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(Bill Grimshaw)
(Bill Grimshaw)

Personal Finance

Learning from TFSA's rule book Add to ...

Class is far from being dismissed when it comes to learning about tax-free savings accounts.

TFSAs were introduced in the 2008 federal budget and were much publicized in the lead-up to their introduction this past Jan. 1, and thereafter. But the learning process for people using these must-have accounts has just begun.

"The TFSA is a new product and, often with new products, it takes time for the market to digest it and learn all the ins and outs," said Wilmot George, a specialist in tax and estate planning with Mackenzie Financial.

The most recent example is the changing situation regarding the naming of a beneficiary for your TFSA. The province of Ontario recently announced new legislation that brings it in line with most other provinces in simplifying things for beneficiaries.

Another example of the evolving understanding of TFSAs concerns the rules for withdrawing money from a plan. TFSAs are all about saving or investing money tax free - those 18 and older can contribute $5,000 annually - but money may have to come out at some point. We are, after all, in a recession.

On the beneficiary issue, Mr. George explains that while TFSAs are federally regulated, they're subject to provincial legislation covering the transfer of assets after death.

As a general rule, the fair market value of your TFSA can be received by your estate on a tax-free basis, although taxes do apply on any investment gains generated after death. The drawback of allowing your TFSA assets to be made part of your estate is that they would be subject to probate fees or taxes, which in some provinces can mean a hefty financial hit.

Where a spouse or common-law partner is concerned, the smart way to ensure a smooth transition for your TFSA is to name him or her as a successor account holder, which is different from a beneficiary. "In this way, your spouse essentially steps into your shoes as the TFSA owner," said Jamie Golombek, managing director of tax and estate planning with Canadian Imperial Bank of Commerce.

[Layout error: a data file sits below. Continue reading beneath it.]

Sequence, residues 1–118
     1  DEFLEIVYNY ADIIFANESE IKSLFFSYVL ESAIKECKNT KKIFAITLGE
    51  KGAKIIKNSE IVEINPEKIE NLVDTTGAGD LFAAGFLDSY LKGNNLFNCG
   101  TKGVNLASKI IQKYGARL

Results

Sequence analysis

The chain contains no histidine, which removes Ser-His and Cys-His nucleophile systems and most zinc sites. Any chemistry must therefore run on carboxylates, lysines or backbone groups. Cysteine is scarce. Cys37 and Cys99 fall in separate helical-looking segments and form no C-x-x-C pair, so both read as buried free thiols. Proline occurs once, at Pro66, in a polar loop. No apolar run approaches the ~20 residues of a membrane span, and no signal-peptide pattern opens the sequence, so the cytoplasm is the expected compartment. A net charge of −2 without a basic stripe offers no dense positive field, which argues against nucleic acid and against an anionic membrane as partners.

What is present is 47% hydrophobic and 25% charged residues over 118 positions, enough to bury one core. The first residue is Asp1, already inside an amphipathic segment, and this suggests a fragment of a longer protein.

Mr. Golombek said taxes don't apply in this situation, and the recipient does not need to have any contribution room in his or her own TFSA to absorb the new money. As well, the recipient's TFSA contribution room is unaffected.

Ontario just joined the majority of provinces that have made it easier to leave TFSAs to beneficiaries like children and other individuals who aren't spouses or partners. In these provinces, a person named as a beneficiary can receive the assets in a TFSA without them passing first through the estate and potentially incurring probate costs.

You can name a spouse as a beneficiary, but it's simpler and cleaner to name them successor account holder.

Beneficiaries who are not spouses or partners can take the funds they receive and put them in their own TFSAs, provided they have the contribution room. If there's limited or zero room, then the excess proceeds essentially become a non-registered account.

Note that a spouse named as a beneficiary could add TFSA assets to his or her existing account without any worries about having the necessary room. This "exempt contribution" must be made by the end of the year following the date of death.

As for taxes, the amount held in the TFSA on the date of death can be transferred tax-free to beneficiaries. However, any gains generated by the account after that date would be subject to taxes. These gains would be taxed according to whether they were interest income, capital gains or dividends.

Can you remember whether you designated a beneficiary or successor account holder when you set up your TFSA late last year or earlier in 2009? If not, go to the financial institution that holds your account or to your financial adviser and check. You can always make changes to an existing account.

Taking money out of a TFSA is another area where it's important to understand the rules before acting. One of the unique features of these accounts is that you can withdraw money and then put it back in again. With registered retirement savings plans, money withdrawn can't be restored later.

However, recontributions can only be made in a future year. So if you removed $2,000 today, you couldn't put it back until the beginning of 2010. At that point, Mr. George notes, your total contribution could top out at $7,000 - $2,000 to pay back what you withdrew, and $5,000 for your 2010 annual contribution.

If you have any discretion about when you'll remove money from a TFSA, do it as late in the year as possible so as to allow for a quick recontribution.

***

Benefits for beneficiaries

Ontario recently joined the list of provinces where money held in a TFSA can bypass the estate of a deceased plan holder and be passed directly to a designated beneficiary. Here's how the

provinces compare:

BENEFICIARY DESIGNATIONS ALLOWED

British Columbia

Alberta

Ontario

New Brunswick

Newfoundland and Labrador

Nova Scotia

PEI

Saskatchewan

INTENTION TO ALLOW

(LEGISLATION NOT PASSED YET)

Manitoba

No change expected

Quebec

Source: Mackenzie Financial

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